A flippant remark, perhaps. But it is one I shout at the sky sometimes. One I have frustratingly vented with friends. One I spoke to my dad about several times over the years – that mum would not want to be living like this. That this is not right. That it feels cruel, sitting back and watching her decline like this.
I know I have written before about end of life care and about there needing to be a change. I also know there is no easy answer and what would be right for one family would be wrong for another. But I also know it needs to be addressed. Debated. Discussed openly and honestly with families who have been there. Families who have had to watch their loved ones fade away, with no hope of recovery or quality of life.
I thought of my mum a lot yesterday, as I wondered whether I could stomach any food and whether we had any fish fingers in the freezer. I thought of all the times she’d comforted us, nursed us better. All the years she spent caring for us all and how cruel life is. I wished I was tucked under that old spotty blanket and with a feeble holler she’d come asking me what I needed…
And it washed over me like a wave….. it was never about the fish fingers, or the lemonade ice lolllies. It was never about the newly washed bedsheets. It wasn’t even the spotty blanket.
All I ever needed to make me feel better was her.
Thank you for this. I think of your Mum and Dad often and wonder how she is doing. It is so sad for you all as she was always caring, so strong and the life and soul of the party. Take care.
She was indeed, all of those things, Margaret. I miss her so much.
Thank you for your lovely words
If there are no fish fingers in my freezer, it’s considered a disaster. Such comfort from simple childhood (I call it nursery) food. My grief is, like yours, a living grief, watching my beloved, witty, talented husband overwhelmed by Alzheimer’s. He has had to be moved from his first care home after only 4 months. They decided they “couldn’t meet his needs” even though they had cared for my very difficult mother for almost 4 years. He would be delighted to know that he has managed to get himself expelled from a care home!! He has had to be moved to a specialist dementia unit 16 miles away. He has good days and bad days. I have an appointment to see him on Thursday. I hope he’s having a good day.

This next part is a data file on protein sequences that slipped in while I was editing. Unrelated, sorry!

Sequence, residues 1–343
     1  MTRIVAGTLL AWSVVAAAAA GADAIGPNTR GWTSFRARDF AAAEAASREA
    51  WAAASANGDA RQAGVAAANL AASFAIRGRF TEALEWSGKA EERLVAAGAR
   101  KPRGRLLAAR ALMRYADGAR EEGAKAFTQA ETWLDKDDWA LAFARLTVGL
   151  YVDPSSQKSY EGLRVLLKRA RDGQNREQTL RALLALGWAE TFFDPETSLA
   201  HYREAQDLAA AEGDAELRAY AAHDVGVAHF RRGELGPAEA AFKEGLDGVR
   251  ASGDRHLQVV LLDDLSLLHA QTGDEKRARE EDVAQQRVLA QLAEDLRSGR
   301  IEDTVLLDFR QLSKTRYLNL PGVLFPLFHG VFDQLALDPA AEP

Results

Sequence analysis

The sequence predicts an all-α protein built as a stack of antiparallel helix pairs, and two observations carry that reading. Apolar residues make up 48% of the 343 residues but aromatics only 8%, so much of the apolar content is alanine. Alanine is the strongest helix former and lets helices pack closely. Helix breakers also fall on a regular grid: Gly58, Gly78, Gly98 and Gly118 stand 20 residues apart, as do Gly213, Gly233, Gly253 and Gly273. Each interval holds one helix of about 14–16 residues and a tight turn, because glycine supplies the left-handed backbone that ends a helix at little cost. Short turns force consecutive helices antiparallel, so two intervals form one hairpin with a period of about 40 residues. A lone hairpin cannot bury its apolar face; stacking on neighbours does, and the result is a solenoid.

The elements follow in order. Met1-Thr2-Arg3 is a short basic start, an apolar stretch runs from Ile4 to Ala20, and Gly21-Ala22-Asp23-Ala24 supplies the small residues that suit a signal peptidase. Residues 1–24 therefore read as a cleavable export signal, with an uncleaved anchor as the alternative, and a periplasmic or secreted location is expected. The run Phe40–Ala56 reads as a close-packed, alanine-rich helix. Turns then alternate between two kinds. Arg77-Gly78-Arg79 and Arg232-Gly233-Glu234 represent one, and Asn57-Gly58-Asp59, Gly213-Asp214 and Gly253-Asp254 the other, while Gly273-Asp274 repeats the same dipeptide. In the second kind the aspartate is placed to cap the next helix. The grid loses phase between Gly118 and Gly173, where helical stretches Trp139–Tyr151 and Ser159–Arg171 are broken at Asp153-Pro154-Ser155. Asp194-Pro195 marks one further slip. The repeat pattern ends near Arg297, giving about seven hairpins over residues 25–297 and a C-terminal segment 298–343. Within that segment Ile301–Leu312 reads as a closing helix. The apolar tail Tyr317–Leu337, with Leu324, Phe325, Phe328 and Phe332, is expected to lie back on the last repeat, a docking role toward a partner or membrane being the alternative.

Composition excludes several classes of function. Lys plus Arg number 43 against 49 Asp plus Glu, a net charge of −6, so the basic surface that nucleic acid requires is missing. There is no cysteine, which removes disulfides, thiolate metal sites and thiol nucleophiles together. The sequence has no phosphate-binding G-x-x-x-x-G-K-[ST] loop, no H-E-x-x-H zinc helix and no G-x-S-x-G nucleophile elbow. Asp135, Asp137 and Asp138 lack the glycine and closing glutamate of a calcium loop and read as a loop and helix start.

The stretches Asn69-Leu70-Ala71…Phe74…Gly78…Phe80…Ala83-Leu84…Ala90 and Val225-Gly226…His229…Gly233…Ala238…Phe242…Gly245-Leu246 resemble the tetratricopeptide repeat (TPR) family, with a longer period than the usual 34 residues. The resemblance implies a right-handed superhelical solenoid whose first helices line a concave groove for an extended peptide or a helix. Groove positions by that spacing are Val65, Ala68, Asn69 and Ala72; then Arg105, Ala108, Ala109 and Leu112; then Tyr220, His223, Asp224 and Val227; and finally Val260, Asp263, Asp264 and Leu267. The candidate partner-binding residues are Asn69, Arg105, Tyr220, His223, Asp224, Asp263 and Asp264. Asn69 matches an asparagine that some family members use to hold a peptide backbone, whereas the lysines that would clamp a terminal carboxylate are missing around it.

My love and support to you as always Sarah, and to all your family xxxx
Oh Alison, my heart goes out to you. It made me smile that he would find being expelled so delightful! You have to cling on to those things to keep you going.
I hope your visit goes well on Thursday. I do feel the way we have isolated people in care homes over the past year has been incredibly tough, for them and their families.
Sending so much love your way
Your comments about care homes and quality of life when dementia strikes are heart breaking but true. Even more so in these awful times when care homes have suspended visitors which in turn has probably caused more deaths to residents who couldn’t understand what on earth was going on. I’ve written before about my mum who was discharged from hospital to a home in 2017.
She had been a vivacious woman, always immaculately dressed, her rings, necklaces and earrings on, scarves matching each outfit and most importantly her lipstick. She adored her three grandchildren . She also loved dancing, everything from ballroom to Scottish, Greek and modern. This was right up till 2016 and then the deterioration began. Looking back we realize now that this cruel disease had been slowly robbing my brother and I of our lovely mum since 2014 but it can sometimes be such a slow process so that you don’t notice. But then very quickly she started to lose her sparkle and became a person we didn’t’ recognize and she in turn didn’t recognize us. Watching this agonizing decline was torture and many a time I returned home and also shouted at the sky and asked for her to be released from this suffering or perhaps she didn’t suffer, was it me being selfish and wanted myself and all the family not to suffer anymore. Indeed we do treat our pets in a more humane way. She finally went to teach the angels how to dance in September 2017 with me by her side. All the happy memories I have are stored in my heart and give me comfort when I relive them.
Like you I know there is no answer to this but something needs to happen. I apologize for my long letter but your blog this time opened up all those familiar feelings that I try to keep at bay but are there waiting to surface every so often. I know how awful it is for your sister and you to watch your mum become someone you don’t know anymore. I look forward to your blogs and think about your family often.
Oh Lynne, thank you for your words. It is a horrendous journey for those of us who have to endure it. Your mum sounds a lot like mine.
Sending lots of love to you and your family. Thank you for following my small blog, it’s nice to know my musings offer a small dose of comfort.
I Can relate to your blog about your mum. My mum passed away in December 2019 she was 97 she had been in a care home for 2 years but lived with Alzheimer’s and dementia for 10.5 years it’s such a cruel disease … I lost mum long before she died while she was calm there was hardly anything she could do and relied totally on the carers. Up to the time she went in a care home she lived alone with my daily support it is so sad 🥲🥲xx
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Am so sorry to hear about your mum, Lynne. It is such a difficult thing to go through and no one truly understands until they experience it themselves. Sending love your way.